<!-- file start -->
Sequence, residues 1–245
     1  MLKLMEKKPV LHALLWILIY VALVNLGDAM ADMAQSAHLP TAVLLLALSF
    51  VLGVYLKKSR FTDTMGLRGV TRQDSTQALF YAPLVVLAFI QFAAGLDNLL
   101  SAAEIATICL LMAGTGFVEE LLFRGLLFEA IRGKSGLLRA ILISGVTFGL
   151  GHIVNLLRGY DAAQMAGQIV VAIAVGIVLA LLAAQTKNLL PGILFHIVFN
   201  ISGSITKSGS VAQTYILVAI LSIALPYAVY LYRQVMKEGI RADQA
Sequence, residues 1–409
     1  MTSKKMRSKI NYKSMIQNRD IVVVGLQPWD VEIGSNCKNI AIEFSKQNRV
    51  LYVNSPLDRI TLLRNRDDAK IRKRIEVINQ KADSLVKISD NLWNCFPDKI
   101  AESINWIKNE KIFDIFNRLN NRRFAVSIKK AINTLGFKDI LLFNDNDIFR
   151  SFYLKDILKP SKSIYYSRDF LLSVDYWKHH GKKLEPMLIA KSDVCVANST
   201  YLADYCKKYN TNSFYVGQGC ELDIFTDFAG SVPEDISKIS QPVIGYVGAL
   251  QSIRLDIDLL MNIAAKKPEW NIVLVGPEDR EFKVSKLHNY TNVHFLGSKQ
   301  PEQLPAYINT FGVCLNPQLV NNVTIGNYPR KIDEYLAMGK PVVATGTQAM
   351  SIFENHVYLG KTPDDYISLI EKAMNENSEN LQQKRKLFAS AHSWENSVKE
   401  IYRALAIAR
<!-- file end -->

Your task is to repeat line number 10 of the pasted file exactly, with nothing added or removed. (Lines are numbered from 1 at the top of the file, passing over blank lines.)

   101  AESINWIKNE KIFDIFNRLN NRRFAVSIKK AINTLGFKDI LLFNDNDIFR